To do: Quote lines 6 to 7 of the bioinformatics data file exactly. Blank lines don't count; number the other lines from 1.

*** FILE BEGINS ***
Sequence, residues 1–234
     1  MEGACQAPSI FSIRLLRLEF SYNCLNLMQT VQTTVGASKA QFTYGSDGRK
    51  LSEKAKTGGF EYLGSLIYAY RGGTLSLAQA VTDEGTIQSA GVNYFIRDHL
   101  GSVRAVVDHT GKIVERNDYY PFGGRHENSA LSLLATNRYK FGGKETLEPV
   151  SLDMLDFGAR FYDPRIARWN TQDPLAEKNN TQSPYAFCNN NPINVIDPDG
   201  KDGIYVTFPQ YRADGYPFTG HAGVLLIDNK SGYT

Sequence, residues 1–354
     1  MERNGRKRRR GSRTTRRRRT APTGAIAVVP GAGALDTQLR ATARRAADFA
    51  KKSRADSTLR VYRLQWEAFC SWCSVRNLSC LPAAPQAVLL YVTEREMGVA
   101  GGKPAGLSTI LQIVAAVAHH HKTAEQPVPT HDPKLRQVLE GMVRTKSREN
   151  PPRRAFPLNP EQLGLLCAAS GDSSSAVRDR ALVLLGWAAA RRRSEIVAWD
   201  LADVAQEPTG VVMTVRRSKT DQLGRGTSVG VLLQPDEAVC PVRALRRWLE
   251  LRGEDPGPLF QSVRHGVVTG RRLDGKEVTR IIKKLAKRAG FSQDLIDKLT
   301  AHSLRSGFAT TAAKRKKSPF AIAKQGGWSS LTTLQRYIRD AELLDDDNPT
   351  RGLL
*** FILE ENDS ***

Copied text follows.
   201  KDGIYVTFPQ YRADGYPFTG HAGVLLIDNK SGYT

Sequence, residues 1–354